man(1) Manual page archive

     INTRO(3)                                                 INTRO(3)

          intro - introduction to the Inferno devices

          An Inferno device implements a file tree for client pro-
          cesses.  A file name beginning with a hash (number) symbol,
          such as `#c', names the root of a file tree implemented by a
          particular kernel device driver identified by the character
          after the hash.  Such names are usually bound to conven-
          tional locations in the name space.  For example, after

               sys->bind("#c", "/dev", sys->MREPL)

          an ls(1) of /dev will list the files provided by the console

          A kernel device driver is a server in the sense of the
          Inferno File Protocol, Styx (see Section 5), but with the
          messages implemented by local rather than remote procedure
          calls.  Also, several of the messages (Nop, Flush, and
          Error) have no subroutine equivalents.

          When a system call is passed a file name beginning with `#'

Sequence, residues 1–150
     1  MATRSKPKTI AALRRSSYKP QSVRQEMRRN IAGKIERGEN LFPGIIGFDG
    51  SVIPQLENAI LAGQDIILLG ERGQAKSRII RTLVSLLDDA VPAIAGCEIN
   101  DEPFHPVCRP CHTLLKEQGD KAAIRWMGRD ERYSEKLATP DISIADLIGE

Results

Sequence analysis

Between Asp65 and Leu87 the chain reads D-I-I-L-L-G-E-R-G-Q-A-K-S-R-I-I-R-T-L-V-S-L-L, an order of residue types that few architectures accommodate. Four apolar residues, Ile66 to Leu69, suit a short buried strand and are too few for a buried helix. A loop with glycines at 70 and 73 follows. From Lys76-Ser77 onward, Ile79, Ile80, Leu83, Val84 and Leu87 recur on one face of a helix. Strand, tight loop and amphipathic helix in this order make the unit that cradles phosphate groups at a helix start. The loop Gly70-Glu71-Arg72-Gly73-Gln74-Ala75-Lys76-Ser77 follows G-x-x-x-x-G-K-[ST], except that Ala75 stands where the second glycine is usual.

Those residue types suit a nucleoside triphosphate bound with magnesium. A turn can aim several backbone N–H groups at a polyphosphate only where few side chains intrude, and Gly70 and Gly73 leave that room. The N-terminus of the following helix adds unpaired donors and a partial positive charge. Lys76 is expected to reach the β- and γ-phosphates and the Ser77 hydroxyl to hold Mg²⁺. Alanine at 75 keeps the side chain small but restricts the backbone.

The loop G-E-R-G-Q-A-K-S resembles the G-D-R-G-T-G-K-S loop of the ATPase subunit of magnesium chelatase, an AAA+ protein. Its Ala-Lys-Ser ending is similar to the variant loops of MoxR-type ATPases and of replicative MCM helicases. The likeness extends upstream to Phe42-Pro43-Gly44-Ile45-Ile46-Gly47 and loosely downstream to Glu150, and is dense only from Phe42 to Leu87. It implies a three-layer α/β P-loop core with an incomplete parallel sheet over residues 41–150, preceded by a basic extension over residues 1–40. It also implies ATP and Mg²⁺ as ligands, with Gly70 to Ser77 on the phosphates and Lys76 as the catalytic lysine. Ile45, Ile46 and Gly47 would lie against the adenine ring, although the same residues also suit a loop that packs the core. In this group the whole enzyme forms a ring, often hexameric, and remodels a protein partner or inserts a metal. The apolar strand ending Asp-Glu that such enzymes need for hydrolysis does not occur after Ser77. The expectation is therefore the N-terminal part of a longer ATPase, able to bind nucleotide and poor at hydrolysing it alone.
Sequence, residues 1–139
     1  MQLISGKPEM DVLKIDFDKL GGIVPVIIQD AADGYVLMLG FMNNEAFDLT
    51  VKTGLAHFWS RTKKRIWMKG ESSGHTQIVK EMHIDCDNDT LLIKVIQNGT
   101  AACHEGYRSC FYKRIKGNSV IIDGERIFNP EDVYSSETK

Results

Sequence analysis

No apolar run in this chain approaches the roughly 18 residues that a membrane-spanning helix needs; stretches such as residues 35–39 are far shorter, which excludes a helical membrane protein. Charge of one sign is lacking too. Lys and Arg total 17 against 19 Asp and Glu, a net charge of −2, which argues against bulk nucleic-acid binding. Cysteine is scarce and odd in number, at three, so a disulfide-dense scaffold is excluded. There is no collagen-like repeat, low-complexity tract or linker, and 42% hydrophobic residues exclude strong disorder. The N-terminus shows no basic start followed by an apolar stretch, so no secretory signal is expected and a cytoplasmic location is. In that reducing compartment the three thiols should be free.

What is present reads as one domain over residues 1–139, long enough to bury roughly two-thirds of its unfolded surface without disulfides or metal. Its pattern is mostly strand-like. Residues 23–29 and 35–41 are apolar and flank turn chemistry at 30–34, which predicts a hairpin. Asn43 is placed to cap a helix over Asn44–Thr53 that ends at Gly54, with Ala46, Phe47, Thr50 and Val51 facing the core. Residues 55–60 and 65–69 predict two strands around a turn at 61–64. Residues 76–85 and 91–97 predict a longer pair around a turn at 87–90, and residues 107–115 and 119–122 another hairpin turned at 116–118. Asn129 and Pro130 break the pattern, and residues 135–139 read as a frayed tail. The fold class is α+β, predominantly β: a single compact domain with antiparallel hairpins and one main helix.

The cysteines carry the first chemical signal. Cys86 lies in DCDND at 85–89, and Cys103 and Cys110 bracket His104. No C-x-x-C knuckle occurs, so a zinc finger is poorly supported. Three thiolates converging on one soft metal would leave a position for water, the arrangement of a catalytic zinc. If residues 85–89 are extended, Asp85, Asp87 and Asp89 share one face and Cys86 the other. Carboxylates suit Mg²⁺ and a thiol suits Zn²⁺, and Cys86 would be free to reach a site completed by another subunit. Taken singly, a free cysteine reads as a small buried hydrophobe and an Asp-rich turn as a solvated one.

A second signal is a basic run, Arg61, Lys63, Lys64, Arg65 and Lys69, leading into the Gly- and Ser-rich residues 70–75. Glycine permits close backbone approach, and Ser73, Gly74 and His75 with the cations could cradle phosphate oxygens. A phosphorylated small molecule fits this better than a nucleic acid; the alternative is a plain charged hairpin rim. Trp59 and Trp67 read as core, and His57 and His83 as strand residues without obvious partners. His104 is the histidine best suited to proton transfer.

it looks at the next character, and if that is a valid
          device character it performs an attach(5) on the correspond-
          ing device to get a channel representing the root of that
          device's file tree.  If there are any characters after the
          device character but before the next `/' or end of string,
          those characters are passed as parameter aname to the

          Each kernel device has a conventional place at which to be
          bound to the name space.  The SYNOPSIS sections of the fol-
          lowing pages includes a shell bind command to put the device
          in the conventional place.  Most of these binds are done
          automatically by the system when it initializes; see

          intro(5), intro(2)